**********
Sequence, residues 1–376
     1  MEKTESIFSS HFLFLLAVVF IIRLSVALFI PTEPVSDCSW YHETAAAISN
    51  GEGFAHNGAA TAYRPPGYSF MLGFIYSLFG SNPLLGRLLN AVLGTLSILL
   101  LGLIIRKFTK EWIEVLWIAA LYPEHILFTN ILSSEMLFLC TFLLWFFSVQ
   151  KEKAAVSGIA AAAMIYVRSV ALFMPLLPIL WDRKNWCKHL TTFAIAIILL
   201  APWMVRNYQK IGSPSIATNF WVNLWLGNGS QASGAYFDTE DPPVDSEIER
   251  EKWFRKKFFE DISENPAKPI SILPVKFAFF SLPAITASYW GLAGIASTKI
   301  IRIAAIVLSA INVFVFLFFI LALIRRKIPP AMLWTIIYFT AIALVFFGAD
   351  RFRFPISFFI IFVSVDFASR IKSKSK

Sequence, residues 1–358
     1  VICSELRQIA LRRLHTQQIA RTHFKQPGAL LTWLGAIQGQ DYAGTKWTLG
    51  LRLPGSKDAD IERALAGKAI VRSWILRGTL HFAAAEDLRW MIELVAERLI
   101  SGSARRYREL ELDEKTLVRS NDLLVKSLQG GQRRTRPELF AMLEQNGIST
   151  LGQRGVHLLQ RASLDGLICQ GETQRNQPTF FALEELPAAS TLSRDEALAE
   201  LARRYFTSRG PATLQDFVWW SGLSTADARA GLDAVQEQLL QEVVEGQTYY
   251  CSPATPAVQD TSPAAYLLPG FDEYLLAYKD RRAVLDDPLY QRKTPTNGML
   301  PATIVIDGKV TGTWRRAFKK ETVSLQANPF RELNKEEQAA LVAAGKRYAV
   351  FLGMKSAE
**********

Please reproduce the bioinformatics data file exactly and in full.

Sequence, residues 1–376
     1  MEKTESIFSS HFLFLLAVVF IIRLSVALFI PTEPVSDCSW YHETAAAISN
    51  GEGFAHNGAA TAYRPPGYSF MLGFIYSLFG SNPLLGRLLN AVLGTLSILL
   101  LGLIIRKFTK EWIEVLWIAA LYPEHILFTN ILSSEMLFLC TFLLWFFSVQ
   151  KEKAAVSGIA AAAMIYVRSV ALFMPLLPIL WDRKNWCKHL TTFAIAIILL
   201  APWMVRNYQK IGSPSIATNF WVNLWLGNGS QASGAYFDTE DPPVDSEIER
   251  EKWFRKKFFE DISENPAKPI SILPVKFAFF SLPAITASYW GLAGIASTKI
   301  IRIAAIVLSA INVFVFLFFI LALIRRKIPP AMLWTIIYFT AIALVFFGAD
   351  RFRFPISFFI IFVSVDFASR IKSKSK

Sequence, residues 1–358
     1  VICSELRQIA LRRLHTQQIA RTHFKQPGAL LTWLGAIQGQ DYAGTKWTLG
    51  LRLPGSKDAD IERALAGKAI VRSWILRGTL HFAAAEDLRW MIELVAERLI
   101  SGSARRYREL ELDEKTLVRS NDLLVKSLQG GQRRTRPELF AMLEQNGIST
   151  LGQRGVHLLQ RASLDGLICQ GETQRNQPTF FALEELPAAS TLSRDEALAE
   201  LARRYFTSRG PATLQDFVWW SGLSTADARA GLDAVQEQLL QEVVEGQTYY
   251  CSPATPAVQD TSPAAYLLPG FDEYLLAYKD RRAVLDDPLY QRKTPTNGML
   301  PATIVIDGKV TGTWRRAFKK ETVSLQANPF RELNKEEQAA LVAAGKRYAV
   351  FLGMKSAE